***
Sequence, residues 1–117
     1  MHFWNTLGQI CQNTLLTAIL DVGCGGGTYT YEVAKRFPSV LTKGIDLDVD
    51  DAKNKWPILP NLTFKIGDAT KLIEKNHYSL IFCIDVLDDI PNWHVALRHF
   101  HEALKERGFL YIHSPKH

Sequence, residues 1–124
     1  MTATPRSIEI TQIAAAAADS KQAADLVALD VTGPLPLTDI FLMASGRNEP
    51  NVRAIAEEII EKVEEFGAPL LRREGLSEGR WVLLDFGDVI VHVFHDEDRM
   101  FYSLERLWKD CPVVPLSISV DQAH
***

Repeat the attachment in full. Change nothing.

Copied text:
Sequence, residues 1–117
     1  MHFWNTLGQI CQNTLLTAIL DVGCGGGTYT YEVAKRFPSV LTKGIDLDVD
    51  DAKNKWPILP NLTFKIGDAT KLIEKNHYSL IFCIDVLDDI PNWHVALRHF
   101  HEALKERGFL YIHSPKH

Sequence, residues 1–124
     1  MTATPRSIEI TQIAAAAADS KQAADLVALD VTGPLPLTDI FLMASGRNEP
    51  NVRAIAEEII EKVEEFGAPL LRREGLSEGR WVLLDFGDVI VHVFHDEDRM
   101  FYSLERLWKD CPVVPLSISV DQAH